In both children and adults, what may change is the stability of the relation that is the basis of this process. In some cases, the relation is steady. This is the situation for the relation that a young child has with his or her object of attachment (a teddy bear, soft doll, piece of cloth, blanket, pillow, etc.). Just like adults, children do not attribute mental states to objects on the basis of perceptual similarity to living beings. In one study, children 3 years of age attributed significantly more mental states to their attachment toy than to their favorite toy (Gjersoe et al., 2015). For older children and adults in general, this is the relation that is established with a pet.
In other situations, the relation is momentarily established due to specific circumstances. In this case, the range of possibility is wide. Children, sometimes together with adults, engage in pretend play involving real or imaginary objects and animals. Children and adults anthropomorphize any type of object that may be invited to be more cooperative or blamed for a misdeed, for example.
The model is the same both in the cases of steady relations and temporary ones. The application of the communicative format implies that in both cases, (1) the actor perceives the interlocutor as intentional and (2) the interlocutor’s actions are perceived as addressed to the actor (Airenti et al., 1993).
Importantly, this model distinguishes beliefs from anthropomorphic attribution. The anthropomorphic attribution is independent of the possibility that humans entertain anthropomorphic beliefs about animals. This communicative format can always be suspended, and this shows that the anthropomorphic attribution is not based on beliefs. A child may discard without qualms a toy that she previously addressed as a partner in a fantasy game. An adult will drive her or his car without thinking that s/he has previously invited it to behave.
From this perspective, we can reconsider Piaget’s point of view regarding young children’s animism. According to him, children attribute consciousness and agency to all the entities of the world because they are not able to distinguish their own self from the outside world. Anthropomorphism is then a product of confusion, indissociation in Piaget’s terms, and is destined to disappear in adulthood.
In fact, if we adopt the interaction model that we have proposed here to explain anthropomorphism, it clearly appears that young children and adults collocate on a continuum. Young children, just like adults, manifest a human predisposition to involve in a communicative format non-human entities, and their attitude toward anthropomorphism is independent of their beliefs, whether they are true or false.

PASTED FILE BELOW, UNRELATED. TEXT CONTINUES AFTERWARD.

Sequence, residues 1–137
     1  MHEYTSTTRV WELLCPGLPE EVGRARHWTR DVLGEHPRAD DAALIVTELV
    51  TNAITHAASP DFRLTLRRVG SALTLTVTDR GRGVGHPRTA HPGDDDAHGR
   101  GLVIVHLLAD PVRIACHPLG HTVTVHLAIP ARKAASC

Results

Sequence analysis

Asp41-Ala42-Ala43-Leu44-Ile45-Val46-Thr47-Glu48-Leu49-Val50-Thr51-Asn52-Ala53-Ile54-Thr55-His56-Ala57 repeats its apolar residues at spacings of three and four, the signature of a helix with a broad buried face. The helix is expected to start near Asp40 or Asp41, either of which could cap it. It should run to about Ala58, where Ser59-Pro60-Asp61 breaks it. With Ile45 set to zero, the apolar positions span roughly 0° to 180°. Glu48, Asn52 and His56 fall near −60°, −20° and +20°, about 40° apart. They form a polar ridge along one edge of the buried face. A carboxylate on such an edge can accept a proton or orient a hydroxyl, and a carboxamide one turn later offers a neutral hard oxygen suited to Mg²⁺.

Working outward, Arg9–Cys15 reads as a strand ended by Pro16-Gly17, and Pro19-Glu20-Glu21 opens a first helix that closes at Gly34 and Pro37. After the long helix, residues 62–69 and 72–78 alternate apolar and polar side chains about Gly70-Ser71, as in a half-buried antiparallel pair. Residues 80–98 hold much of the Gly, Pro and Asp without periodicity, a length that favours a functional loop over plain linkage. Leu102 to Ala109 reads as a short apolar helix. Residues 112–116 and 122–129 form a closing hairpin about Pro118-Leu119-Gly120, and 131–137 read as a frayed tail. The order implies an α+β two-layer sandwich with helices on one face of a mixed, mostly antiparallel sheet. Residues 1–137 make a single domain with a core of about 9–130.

This perspective better explains the fact that cases of anthropomorphism that are taken as examples of children’s confusion are also very common in adults, such as accusing a wall of hurting or blaming the rain because it hinders a planned activity. Importantly, in this view, the first and second phases of children’s animism according to Piaget also appear in clear continuity. The second phase is characterized according to Piaget by the process of introjection, defined by him as “the tendency to situate in others or in things the reciprocal feelings to those we experience from their contact” (ibid., p. 242). An illustration of this type of anthropomorphism is the fact that consciousness of pain presupposes the attribution of malice to the object that is source of it. This definition seems incongruous and difficult to explain if we consider that the attribution is the product of a belief. If we consider it from a relational point of view, it becomes very easily understandable. Reciprocity, in fact, is a basic feature of interactions (Airenti, 2010). Interlocutors expect that there is a reciprocal relation between their actions. Thus, one possible human means to react to a fact caused by a non-human is to personify the non-human and put it in the position of addressee in an interaction. This is not simply animism but rather anthropomorphism because in this case, attributing the role of interlocutor to a non-human entity implies the ascription of mental and affective states. If someone hurts her finger and blames the cause of it, it is the same if it is a door that closed unexpectedly or a pup’s biting. Beliefs about the intentionality of doors and pups are not in question. It is the position in a relation that implies the attribution. Thus, young children, older children and adults may have different beliefs about non-human entities, but in these situations, they react in a similar manner. At the same time, under different circumstances, young children, like adults, may behave toward the same non-human entities in a non-anthropomorphic, realistic manner.
In this article, I have discussed the cognitive processes underlying anthropomorphism.